Tool For Evening – The Big Wu
Upon first listen, Tool for Evening, the fourth studio album from The Big Wu, doesn’t appear all that much different from its predecessors: by and large, the 10 tracks on TFE display, yet again, the band’s ability to write strong melodies and hooky choruses that draw from the wellsprings of American music, and to make from these songs a cohesive and enjoyable studio album. Though they have been touring as a quartet for close to two years now, TFE marks the Wu’s studio debut as a four-piece (having lost guitarist/vocalist Jason Fladager in the summer of 02). The band doesn’t waste any time showing that they can still bring the boogie, opening the disc with the rollicking "Texas Fireball," which features some smooth ivory-tickling from Al Oikari (though, it must be said, the "Ladies and Gentlemen…" introduction to his solo by Chris Castino is a bit hammy).
As a whole, the Wu sounds tighter on Tool for Evening than on past efforts (the chorus for drummer Terry VanDeWalker’s "Dog’s Dead" is as catchy as they come) and less willing to let the groove guide their playing. When the songs do stretch out somewhat, they do so in a noticeably calculating manner — an approach that many jambands have had difficulty with and/or antipathy towards, but which the Wu appear to have embraced. It works to their benefit on "Ray Charles Can See," for example, when a reggae groove morphs into some spacey harmonized vocals which make way for an equally-interstellar synth solo from Oikari — to be succeeded, in the moment of quiet that follows, by a gradually building guitar solo from Castino that carries the song into fade-out. The same holds for "Black Rain," a chorus-less, ethereal vamp which features electronic programming, a shifting balance in the mix, and understated solos that accentuate the track’s hypnotic groove. But the results of studio forethought are far less successful on the closing "Lowdown," wherein the band fails to provoke any excitement in the listener during the nine minutes spent within the confines of a mid-tempo rock beat.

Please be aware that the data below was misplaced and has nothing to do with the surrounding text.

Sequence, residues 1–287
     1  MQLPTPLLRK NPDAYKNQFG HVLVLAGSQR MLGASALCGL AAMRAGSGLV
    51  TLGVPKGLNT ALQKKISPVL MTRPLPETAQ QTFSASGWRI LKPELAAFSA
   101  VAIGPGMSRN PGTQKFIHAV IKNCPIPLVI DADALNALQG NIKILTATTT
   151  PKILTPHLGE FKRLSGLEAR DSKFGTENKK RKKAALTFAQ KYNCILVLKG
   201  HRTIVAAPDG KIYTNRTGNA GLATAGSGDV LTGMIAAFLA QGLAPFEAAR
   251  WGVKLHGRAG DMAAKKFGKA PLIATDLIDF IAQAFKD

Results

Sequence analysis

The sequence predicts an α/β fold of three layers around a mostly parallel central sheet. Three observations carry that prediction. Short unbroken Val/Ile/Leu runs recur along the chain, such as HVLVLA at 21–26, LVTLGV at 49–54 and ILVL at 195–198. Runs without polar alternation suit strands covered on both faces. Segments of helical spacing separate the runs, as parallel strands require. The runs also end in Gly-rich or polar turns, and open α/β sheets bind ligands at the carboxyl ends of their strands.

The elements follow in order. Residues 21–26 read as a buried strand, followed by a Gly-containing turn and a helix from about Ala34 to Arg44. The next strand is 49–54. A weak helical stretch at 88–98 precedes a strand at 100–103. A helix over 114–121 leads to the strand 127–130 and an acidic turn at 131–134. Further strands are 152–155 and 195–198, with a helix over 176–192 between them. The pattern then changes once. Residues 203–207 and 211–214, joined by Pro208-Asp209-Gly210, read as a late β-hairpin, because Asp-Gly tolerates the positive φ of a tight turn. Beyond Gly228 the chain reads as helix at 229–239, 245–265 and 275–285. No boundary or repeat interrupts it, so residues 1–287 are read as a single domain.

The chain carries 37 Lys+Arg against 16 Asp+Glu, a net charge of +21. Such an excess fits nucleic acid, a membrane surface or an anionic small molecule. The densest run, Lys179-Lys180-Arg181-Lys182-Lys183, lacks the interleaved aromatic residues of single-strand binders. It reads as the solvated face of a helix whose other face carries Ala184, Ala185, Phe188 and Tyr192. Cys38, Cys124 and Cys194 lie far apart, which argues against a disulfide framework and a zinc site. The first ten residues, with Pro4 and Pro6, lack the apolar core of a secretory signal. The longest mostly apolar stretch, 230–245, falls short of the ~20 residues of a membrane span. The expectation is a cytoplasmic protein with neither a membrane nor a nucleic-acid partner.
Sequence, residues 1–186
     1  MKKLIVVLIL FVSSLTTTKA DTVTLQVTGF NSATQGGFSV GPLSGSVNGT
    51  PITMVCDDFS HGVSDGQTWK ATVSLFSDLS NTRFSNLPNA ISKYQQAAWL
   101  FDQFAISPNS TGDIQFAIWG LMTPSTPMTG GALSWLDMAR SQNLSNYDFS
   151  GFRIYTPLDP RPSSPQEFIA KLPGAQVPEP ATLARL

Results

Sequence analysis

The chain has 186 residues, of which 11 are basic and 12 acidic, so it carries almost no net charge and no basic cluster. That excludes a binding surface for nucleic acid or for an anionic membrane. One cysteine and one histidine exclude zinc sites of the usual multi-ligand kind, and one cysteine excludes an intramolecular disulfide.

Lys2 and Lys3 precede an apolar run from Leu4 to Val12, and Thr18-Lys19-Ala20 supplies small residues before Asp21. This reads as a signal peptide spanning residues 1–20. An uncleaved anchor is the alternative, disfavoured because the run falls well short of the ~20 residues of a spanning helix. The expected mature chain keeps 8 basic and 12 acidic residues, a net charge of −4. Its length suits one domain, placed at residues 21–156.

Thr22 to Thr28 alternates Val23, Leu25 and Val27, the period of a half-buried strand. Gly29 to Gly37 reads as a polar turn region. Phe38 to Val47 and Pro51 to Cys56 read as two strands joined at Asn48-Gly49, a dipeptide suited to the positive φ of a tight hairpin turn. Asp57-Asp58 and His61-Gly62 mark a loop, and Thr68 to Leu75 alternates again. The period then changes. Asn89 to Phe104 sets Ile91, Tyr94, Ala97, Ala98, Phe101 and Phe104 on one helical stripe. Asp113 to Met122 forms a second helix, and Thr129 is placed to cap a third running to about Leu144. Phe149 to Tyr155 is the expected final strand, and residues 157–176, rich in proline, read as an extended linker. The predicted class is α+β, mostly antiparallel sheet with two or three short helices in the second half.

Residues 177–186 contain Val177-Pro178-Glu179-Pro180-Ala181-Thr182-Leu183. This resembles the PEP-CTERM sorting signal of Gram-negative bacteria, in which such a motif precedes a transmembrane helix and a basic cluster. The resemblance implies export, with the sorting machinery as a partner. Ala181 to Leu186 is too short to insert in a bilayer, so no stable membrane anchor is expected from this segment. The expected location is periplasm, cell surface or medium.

With this more pronounced focus on studio assembly in mind, I find it somewhat peculiar that the band decided to include "Jazz 88," an older Wu song that, because of its sprawling central jam and live feel, fits in much better with the songs on Tracking Buffalo Through the Bathtub than with those on Tool for Evening. Perhaps the Wu are merely making sure to retain a connection with their past, so as not to alienate members of their fanbase. "Jazz 88" is arguably the most exciting song on the album, but in relationship with the other tracks on TFE, it’s an anomaly that finally disrupts the album’s continuity. And as far as disruptions go: I must say that I have yet to develop much affection for the vocal stylings of bassist Padre Pienbique (aka jambands.com columnist Andy Miller), so his two punk/funk tracks – "Middle of Nowhere" and "Kings of Bass" – don’t work as well for me as do the others, but their manic energy does feel harnessed and directed, and thus of a piece with the generally satisfying Tool for Evening.